Administration of buthionine sulfoximine (BSO) selectively inhibits glutathione (GSH) biosynthesis and induces a GSH deficiency. Decreased GSH levels in the brain may result in less oxidative stress (OS) protection, because GSH contributes substantially to intracellular antioxidant defense. Under these conditions, administration of the pro-oxidant, dopamine (DA), which rapidly oxidizes to form reactive oxygen species, may increase OS. To test the cognitive behavioral consequences of decreased GSH, BSO (3.2 mg in 30 microliters, intracerebroventricularly) was administered to male Fischer 344 rats every other day for 4 days. In addition, DA (15microliters of 500 microM) was administered every day [either 1 h after BSO (BSO + DA group) or 1 h before BSO (DA + BSO group), when given on the same day as BSO] and spatial learning and memory assessed (Morris water maze, six trials/day). BSO + DA rats, but not DA + BSO rats, demonstrated cognitive impairment compared to a vehicle group, as evidenced by increased latencies to find the hidden platform, particularly on the first trial each day. Also, the BSO + DA group utilized non-spatial strategies during the probe trials (swim with no platform): i.e., less time spent in the platform quadrant, fewer crossings and longer latencies to the previous platform location, and more time spent in the platform quadrant, fewer crossings and longer latencies to the previous platform location, and more time spent around the edge of the pool rather than in the platform zone. Therefore, the cognitive behavioral consequences of decreasing GSH brain levels with BSO in conjunction with DA administration depends on the order of administration. These findings are similar to those seen previously on rod and plank walking performance, as well as to those seen in aged rats, suggesting that the oxidation of DA coupled with a reduced capacity to respond to oxidative stress may be responsible for the induction of age-related cognitive deficits.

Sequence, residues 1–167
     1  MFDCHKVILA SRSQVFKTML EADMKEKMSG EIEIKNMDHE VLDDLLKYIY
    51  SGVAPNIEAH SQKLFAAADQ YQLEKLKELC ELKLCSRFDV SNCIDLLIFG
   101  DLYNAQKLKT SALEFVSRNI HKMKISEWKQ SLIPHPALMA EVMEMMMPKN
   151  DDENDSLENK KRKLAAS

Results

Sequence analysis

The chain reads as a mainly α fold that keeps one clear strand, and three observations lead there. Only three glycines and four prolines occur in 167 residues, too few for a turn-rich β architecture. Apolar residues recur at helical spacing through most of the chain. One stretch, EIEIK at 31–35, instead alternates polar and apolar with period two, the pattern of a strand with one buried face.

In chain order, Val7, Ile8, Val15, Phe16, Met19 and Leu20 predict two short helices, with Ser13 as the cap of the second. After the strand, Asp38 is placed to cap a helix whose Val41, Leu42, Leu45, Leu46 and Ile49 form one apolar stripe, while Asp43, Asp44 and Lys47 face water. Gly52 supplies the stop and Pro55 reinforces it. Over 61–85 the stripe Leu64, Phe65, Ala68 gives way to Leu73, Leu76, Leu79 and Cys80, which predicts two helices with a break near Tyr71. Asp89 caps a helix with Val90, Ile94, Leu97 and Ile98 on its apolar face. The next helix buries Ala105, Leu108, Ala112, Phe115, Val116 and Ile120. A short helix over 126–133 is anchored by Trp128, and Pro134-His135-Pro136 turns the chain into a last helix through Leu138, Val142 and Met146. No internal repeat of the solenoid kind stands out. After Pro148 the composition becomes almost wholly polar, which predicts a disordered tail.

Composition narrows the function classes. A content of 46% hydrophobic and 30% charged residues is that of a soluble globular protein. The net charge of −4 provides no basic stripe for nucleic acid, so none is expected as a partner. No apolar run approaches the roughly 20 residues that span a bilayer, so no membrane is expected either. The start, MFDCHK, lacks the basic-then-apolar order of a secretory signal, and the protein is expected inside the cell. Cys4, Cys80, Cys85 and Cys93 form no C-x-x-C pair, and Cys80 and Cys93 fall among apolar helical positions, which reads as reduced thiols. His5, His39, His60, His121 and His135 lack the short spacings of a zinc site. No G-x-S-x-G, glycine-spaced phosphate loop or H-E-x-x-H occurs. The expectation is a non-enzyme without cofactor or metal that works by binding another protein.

Denisova NA, Erat SA, Kelly JF, Roth GS.

Differential effect of aging on cholesterol modulation of carbachol-stimulated low-K(m) GTPase in striatal synaptosomes.
Exp Gerontol. 1998 May;33(3):249-65. PMID: 9615923 [PubMed - indexed for MEDLINE]
Previous research has suggested that age-related decline in physiological functions may be the result of substantial alterations in membrane molecular structure. The purpose of the present experiments was to elucidate the role of cholesterol domains in the age-related decline in receptor-G-protein interactions in striatal synaptosomes. We observed a significant age-related deficit in muscarinic cholinergic stimulated Low-Km GTPase activity and its age-related susceptibility to cholesterol treatment in range of 10(-10)-10(-5) M. Treatment of synaptosomes from old rats with cholesterol in range of 10(-8)-10(-6) M restored the Low-Km GTPase activity up to the level seen in young animals and reached a maximum at 10(-7) M. In synaptosomes from young rats, however, cholesterol treatment did not have any effect on striatal Low-Km GTPase activity. We observed significant alterations in the membrane lipid composition of striatal synaptosomes as a function of age. Our results suggested a significant interaction of age and cholesterol treatment on physical properties of striatal synaptosomes. Thus, the present results of experiments in vitro support our previous results of experiments in vivo and suggested an interaction of cholesterol domains with muscarinic-cholinergic receptor G-protein alpha subunit coupling/uncoupling through regulation of physical properties of striatal synaptosomes.